Rapidly Changing Technology Prompts Program Redesign

Students looking at a computer

The Technology for Educators master’s program has been redesigned and renamed Digital Age Learning & Educational Technology to reflect the rapid evolution of educational technology and to align with research-based best practices.

“The program represents a focus on the dynamic field of learning science and the ways in which technology can effectively support it,” said Wendy Drexler, assistant professor of educational technology and program lead.

Drexler said that emerging technologies are providing new opportunities for learning, teaching, assessment and educational leadership, and that the field of educational technology demands the critical evaluation of new applications, pedagogies and learning environments.

Existing course titles will continue to be available to those who have already established a program of study, but fall registrants will be taking the introductory course Technology and the Science of Learning. This course provides a foundation in learning theories and research in the effective use of technology for learning. The core curriculum includes culturally responsive teaching, emerging issues, evaluation and research, advanced applications and an advanced seminar.

Two specializations have been added to the program: Online and Blended Learning Instructional Design, which focuses on the design and development of curriculum in digital learning environments, including online courses, gaming and media design for learning, and Digital Age Learning Leadership, which includes coursework in data-driven decision making, technology leadership for school improvement and integrating media into standards-based curriculum.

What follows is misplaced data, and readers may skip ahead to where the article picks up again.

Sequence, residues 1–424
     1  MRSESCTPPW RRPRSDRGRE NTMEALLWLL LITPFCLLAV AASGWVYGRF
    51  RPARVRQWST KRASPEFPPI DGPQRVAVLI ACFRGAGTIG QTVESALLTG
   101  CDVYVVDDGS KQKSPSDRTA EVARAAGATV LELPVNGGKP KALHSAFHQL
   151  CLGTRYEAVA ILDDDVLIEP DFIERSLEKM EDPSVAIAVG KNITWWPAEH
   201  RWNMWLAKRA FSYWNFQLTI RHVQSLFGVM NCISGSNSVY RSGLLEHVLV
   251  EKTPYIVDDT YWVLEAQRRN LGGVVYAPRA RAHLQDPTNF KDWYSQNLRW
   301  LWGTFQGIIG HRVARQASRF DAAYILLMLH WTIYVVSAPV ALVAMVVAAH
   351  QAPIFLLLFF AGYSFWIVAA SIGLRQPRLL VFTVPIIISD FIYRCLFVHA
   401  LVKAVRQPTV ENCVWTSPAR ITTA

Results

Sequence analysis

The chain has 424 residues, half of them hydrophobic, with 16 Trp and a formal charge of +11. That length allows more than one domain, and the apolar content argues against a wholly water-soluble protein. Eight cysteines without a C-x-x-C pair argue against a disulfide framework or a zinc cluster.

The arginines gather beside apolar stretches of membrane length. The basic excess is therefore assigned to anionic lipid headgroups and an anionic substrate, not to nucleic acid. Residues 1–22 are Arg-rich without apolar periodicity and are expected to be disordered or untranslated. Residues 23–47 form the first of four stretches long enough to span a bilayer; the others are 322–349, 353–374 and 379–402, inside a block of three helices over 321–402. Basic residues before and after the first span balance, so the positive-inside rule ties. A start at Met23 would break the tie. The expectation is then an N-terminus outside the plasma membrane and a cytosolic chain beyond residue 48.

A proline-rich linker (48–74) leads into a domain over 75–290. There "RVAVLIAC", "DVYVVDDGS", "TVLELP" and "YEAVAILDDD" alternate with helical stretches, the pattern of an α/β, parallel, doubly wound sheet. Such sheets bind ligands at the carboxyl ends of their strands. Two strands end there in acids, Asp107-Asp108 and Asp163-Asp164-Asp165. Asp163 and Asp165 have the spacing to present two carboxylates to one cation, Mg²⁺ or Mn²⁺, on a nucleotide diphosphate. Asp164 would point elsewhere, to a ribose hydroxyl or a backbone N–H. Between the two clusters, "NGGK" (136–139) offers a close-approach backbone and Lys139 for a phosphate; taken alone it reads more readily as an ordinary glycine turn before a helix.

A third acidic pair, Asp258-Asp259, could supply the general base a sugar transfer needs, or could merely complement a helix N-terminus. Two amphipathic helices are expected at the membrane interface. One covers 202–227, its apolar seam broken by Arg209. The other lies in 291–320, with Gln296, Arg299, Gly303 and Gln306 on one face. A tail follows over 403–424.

The digital-age learner, she said, is empowered to set personal learning goals, manage digital identities and personal data, critically evaluate informational resources, employ strategies for solving problems in new ways through design and computational thinking, and collaborate globally with other learners and experts in multiple learning environments.

“The program is positioned to prepare educators to transform learning to meet these competencies within their classrooms, schools, districts and organizations,” said Drexler.

The reconstituted 36-credit master of science program was recently approved by the Maryland Higher Education Commission and aligns with the 2017 ISTE Standards for Educators. For more information, contact Kyuanna Napper at k.napper@jhu.edu or Professor Drexler at wdrexle1@jhu.edu.